• California unions push law setting minimum staffing requirements for dialysis centers [L.A. Times]
  • Glaxo neither made nor sold the pill he took, jury tells it to pay $3 million anyway [Roni Caryn Rabin, New York Times]
  • Maryland and Michigan suits seek to characterize patient falls as non-medical negligence; Kentucky suit aims to avoid medical review panel requirement [Andis Robeznieks, AMA Wire]
  • “Ohio Drug Price Initiative Gives Taxpayer Money to Unnecessary Lawyers” [Hans Bader, CEI]

“Ohio political commentators sue over online harassment ban”

The Ohio legislature last summer unanimously enacted, and Gov. John Kasich signed, a law prohibiting “knowingly posting text or audio statements or images on a website ‘for the purpose of abusing… or harassing another person.'” Now plaintiffs of several political stripes have joined in a legal challenge alleging that they or their organizations “‘routinely engage’ in protected speech that ‘may be considered provocative'” and that the law is so vaguely and broadly worded as to subject them to “a credible risk of prosecution.” The suit was initiated by UCLA law professor Eugene Volokh with assistance from his First Amendment Amicus Brief Clinic. [AP/WHIO]

Workplace roundup

  • Bad idea keeps spreading: “Philadelphia to Prohibit Asking Job Applicants About Their Prior Wage History” [Ford Harrison] Bill introduced in Maryland legislature [Danielle Gaines, Frederick News-Post on HB 398]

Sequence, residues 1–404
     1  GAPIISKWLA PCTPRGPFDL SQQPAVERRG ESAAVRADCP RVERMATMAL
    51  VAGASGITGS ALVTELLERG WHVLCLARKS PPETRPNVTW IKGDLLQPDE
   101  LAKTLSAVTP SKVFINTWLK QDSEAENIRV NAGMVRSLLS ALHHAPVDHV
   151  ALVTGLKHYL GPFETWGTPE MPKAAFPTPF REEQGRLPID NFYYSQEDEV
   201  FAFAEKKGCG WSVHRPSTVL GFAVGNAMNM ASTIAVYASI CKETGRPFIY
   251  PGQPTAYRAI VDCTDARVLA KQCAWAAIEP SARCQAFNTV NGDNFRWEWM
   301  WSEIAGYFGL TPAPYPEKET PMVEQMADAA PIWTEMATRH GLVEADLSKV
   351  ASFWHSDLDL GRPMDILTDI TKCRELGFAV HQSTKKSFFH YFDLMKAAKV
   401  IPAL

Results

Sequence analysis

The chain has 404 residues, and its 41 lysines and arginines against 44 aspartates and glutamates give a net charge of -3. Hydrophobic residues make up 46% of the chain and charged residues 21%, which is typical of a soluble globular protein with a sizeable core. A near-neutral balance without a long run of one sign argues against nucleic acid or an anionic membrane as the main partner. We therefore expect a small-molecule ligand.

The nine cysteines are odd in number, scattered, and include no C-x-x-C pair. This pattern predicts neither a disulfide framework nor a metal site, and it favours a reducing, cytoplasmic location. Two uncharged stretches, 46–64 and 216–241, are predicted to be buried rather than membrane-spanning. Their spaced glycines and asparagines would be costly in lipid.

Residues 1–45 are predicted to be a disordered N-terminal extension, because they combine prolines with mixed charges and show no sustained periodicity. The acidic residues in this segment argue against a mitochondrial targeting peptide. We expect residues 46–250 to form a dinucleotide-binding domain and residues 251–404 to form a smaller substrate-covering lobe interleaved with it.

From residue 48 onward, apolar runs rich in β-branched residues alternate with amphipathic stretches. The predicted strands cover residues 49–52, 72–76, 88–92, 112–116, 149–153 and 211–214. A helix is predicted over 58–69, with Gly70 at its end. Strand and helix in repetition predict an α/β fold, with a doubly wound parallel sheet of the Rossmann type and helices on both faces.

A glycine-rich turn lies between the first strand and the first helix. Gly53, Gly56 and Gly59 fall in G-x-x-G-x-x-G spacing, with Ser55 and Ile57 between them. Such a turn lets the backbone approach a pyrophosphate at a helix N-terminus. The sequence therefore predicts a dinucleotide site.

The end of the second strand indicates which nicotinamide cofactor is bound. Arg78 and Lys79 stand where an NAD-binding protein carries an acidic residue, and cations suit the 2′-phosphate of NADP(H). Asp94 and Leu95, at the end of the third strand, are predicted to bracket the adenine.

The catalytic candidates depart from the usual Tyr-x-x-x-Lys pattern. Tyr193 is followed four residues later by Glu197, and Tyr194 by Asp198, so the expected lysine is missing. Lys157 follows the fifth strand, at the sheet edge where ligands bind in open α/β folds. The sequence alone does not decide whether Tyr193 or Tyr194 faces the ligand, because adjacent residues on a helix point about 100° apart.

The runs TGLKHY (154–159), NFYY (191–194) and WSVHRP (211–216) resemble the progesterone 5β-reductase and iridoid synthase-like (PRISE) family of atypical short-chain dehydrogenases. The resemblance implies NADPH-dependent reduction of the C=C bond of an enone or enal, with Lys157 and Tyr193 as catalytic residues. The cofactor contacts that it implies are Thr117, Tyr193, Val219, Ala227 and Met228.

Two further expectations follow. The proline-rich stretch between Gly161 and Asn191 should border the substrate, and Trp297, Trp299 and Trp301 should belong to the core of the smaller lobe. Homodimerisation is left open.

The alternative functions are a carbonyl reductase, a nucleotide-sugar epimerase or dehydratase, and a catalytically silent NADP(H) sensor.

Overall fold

• “New York (State and City) Imposes New Rules for Freelancers, State Contracts” [Daniel Schwartz]
  • On the minimum wage, lame reporting and motivated reasoning make war on Econ 101 [David Boaz and Ryan Bourne, Cato]
  • In final Obama days, EEOC finalizes rules toughening affirmative action requirements for federal agency employers regarding workers with disabilities [Joe Seiner, Workplace Prof]
  • Study: Indictments of union officials correlate with close election outcomes [Mitch Downey via Tyler Cowen]
  • “Ohio again tries to restore sanity to its bonkers employment discrimination law” [Jon Hyman]

Ohio court: repeated accidents adequate reason to dismiss truck driver

Despite Fred Hartman’s claims of age discrimination, disability discrimination, and retaliation, a state appellate court found that the Ohio Department of Transportation was within its rights to dismiss him. After a series of three preventable truck accidents within a three-week period, the department had put him on a “last-chance agreement,” which was followed several months later by another accident. Hartman “had submitted a doctor’s note requesting accommodation for hearing loss in one of his ears.” [Jon Hyman]

“Ohio Supreme Court sides with workers’ comp fraud”

“The employer fired Onderko for his ‘deceptive’ attempt to obtain workers’ compensation benefits for a non-work-related injury. He injured his knee while pumping gas on his way home from work, and falsely tried to claim that the gas-pump injury was an exacerbation of an earlier work injury.” In a decision with only one dissent, the Ohio Supreme Court has now held that the genuineness of the injury was irrelevant to his ability to sue for being fired over it: “It no longer matters whether the workers’ compensation injury underlying a retaliation claim is legitimate or illegitimate, or the employee filing such a claim is truthful or a perpetrator of a fraud.” [Jon Hyman]